Low humidity fuels wildfire danger

By: Stephanie Baker Email
By: Stephanie Baker Email

May 2, 2007

Schools in Coffee County were closed today because of dense smoke that's blanketing southeast Georgia. Gov. Perdue says he will continue to seek federal money to offset the high cost of fighting the wildfire there.

It is the largest wildfire ever recorded in Georgia, and it has scorched 87 thousand acres of land. 21 homes have been destroyed, and several smaller fires have broken out close to the large fire.

More than 800 firefighters have been working to contain the giant fire, and local crews are heading south to help control the fire.

Four from the Augusta-Richmond County department packed their bags today. They're headed to Jesup, in Wayne County, to help crews already down there.

Two from Martinez-Columbia also headed out to replace two others who were already there.

Two rangers from the forestry commission are also in South Georgia.

While local firefighters are trying to get the South Georgia blaze under control, forest rangers warn that because of the weather, it could also happen here.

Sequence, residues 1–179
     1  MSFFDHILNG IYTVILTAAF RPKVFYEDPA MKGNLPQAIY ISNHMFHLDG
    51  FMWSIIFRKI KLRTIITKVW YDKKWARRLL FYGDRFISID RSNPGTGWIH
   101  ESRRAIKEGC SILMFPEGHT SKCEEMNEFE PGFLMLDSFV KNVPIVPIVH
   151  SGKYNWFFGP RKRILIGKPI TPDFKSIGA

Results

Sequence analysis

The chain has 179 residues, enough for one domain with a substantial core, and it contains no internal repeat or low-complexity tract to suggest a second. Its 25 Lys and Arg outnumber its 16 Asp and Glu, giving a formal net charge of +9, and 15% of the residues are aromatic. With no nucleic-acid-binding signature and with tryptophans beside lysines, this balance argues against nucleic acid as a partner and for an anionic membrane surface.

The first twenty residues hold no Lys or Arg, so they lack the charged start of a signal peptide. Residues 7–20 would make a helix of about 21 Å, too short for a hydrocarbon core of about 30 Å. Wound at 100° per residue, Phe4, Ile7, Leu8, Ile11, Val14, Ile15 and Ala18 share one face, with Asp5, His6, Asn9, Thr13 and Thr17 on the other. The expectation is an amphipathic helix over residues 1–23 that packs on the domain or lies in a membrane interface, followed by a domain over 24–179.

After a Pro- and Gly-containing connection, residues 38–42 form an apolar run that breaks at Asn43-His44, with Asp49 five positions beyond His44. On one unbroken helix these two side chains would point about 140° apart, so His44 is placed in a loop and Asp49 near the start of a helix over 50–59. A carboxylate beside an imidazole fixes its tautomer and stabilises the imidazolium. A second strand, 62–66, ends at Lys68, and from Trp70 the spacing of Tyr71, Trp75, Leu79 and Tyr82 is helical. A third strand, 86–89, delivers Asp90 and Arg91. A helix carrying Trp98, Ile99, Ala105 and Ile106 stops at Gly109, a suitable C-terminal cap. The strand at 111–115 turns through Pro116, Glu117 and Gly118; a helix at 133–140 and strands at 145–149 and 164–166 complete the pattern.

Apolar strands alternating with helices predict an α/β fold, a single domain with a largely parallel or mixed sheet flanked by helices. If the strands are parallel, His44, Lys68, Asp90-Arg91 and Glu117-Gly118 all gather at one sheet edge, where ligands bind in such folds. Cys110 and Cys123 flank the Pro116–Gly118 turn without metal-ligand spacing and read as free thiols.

And now they say even the leaves that don't usually burn are becoming a hazard.

"Forest fires can be very hard to stop, with low humidity, high winds, and dry conditions," said Chief Ranger Senior Steve Abbott.

We've already seen proof of that with yesterday's brush fire off I-20 near Martintown Road.

The rain isn't falling and there's very little moisture in the air. Fires slow when the humidity is higher, in the 50s. Right now, we're in the 20s.

In these conditions, fires can spread quickly. In a controlled environment, the fire department showed us what can happen.

Chief Danny Kuhlmann of Martinez-Columbia Fire Rescue explained how a small spark can destroy an entire area.

"We just lit two, three needles, and we burned up three square feet of pine straw," he said.

And the entire area burned in just one minute.

Chief Kuhlmann says the problem is the green stuff. Usually green leaves have a lot of moisture, and they tend to slow the blaze. But the dry weather has dried that moisture right out.

Here's what that means for your back yard:

"If someone was burning and the wind picked up, it could get out of control real fast," Chief Kuhlmann said.

Ranger Abbott says the small stuff, like pine needles, ignite quickly. The bigger stuff takes a little longer, but it also burns longer and larger.

"In rural areas, the yards are bigger, there's more vegetation, more woods...fires are just bigger," he said.

That's why both of them are telling people not to burn their yards until late September.

But if you have a bunch of dead leaves around, that's also a fire hazard.

Here's some advice. You can compost, recycle, or stockpile it. But if you do that last option, make sure to keep it far away from your house.


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